Despite the popularity of the term "graphic novel" in reference to novel-length stories done in comics, comic books are not novels. Which is not to say that comics cannot have the sophistication and depth of a novel, but the best comics have qualities that separate them from straight prose. Mark Kalesniko's Why Did Pete Duel Kill Himself? illustrates this difference. Much more like a tone poem than a novel, this book gracefully explores a delicate issue: a young, misunderstood boy trying to comprehend why a famous actor would kill himself. Whereas a novel might be overly expository, Pete Duel contains page after page of silent scenes of the boy, Alex Kalienka (drawn as an anthropomorphic dog in a world of humans), being humbled, humiliated, and beat up. The chapters are brutally true-to-life, Alex Kalienka is completely engaging, and the resolution--not so much uncertain as it is unspoken--is haunting.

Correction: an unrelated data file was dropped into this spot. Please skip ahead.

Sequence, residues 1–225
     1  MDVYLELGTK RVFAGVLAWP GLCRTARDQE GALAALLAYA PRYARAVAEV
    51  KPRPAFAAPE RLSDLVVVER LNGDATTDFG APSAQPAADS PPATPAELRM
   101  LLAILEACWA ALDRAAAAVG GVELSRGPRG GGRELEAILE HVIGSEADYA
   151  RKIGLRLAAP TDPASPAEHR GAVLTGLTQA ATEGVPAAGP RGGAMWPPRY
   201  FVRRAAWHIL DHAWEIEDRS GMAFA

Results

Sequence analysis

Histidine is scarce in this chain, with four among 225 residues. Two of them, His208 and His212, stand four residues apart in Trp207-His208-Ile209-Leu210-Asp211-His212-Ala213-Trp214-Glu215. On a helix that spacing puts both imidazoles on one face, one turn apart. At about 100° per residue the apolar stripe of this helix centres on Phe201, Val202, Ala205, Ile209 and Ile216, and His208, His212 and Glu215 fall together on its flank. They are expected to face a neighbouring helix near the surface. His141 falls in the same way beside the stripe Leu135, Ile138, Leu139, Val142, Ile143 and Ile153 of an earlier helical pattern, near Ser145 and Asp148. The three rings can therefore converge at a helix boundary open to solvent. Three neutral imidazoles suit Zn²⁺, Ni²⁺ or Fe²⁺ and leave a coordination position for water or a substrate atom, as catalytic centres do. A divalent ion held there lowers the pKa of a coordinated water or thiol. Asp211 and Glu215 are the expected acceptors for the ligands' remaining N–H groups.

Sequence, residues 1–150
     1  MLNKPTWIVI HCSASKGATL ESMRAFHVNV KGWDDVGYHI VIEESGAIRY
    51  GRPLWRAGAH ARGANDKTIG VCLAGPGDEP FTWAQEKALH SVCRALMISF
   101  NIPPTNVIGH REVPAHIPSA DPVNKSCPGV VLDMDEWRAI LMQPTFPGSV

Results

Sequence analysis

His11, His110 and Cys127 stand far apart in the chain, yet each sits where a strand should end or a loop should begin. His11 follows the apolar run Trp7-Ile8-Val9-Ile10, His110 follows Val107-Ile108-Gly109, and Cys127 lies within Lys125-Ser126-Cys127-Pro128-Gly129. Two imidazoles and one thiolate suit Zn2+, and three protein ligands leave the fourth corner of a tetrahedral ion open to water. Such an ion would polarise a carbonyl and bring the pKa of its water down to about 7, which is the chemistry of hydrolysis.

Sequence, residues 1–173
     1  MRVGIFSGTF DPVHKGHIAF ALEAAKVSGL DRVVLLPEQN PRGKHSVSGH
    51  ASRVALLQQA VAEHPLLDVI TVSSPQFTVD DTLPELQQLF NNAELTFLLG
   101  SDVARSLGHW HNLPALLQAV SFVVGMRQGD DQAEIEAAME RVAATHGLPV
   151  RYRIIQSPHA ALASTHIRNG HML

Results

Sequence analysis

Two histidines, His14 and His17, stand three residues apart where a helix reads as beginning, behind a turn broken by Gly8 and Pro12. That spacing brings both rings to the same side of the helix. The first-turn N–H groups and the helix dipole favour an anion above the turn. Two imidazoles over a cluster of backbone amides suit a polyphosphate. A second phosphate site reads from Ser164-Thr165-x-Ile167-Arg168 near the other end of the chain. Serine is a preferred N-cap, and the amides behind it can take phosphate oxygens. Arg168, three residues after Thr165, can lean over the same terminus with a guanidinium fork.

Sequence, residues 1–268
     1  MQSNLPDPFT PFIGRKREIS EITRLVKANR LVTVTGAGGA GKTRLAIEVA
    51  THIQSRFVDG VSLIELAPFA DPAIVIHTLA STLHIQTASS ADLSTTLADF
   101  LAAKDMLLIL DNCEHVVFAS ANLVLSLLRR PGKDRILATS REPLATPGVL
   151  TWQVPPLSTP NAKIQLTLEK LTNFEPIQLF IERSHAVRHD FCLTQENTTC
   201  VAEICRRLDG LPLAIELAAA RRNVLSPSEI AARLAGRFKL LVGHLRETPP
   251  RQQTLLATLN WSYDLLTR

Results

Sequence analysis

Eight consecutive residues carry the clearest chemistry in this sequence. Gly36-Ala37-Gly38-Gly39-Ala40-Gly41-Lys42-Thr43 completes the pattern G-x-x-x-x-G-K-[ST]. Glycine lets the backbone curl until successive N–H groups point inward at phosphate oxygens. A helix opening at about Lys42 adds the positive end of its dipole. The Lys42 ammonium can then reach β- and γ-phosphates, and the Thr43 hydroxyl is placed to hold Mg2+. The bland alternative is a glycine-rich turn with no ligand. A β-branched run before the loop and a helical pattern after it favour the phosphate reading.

Read it and then read it again. You won't find out why Pete Duel killed himself, but you may discover something much more touching.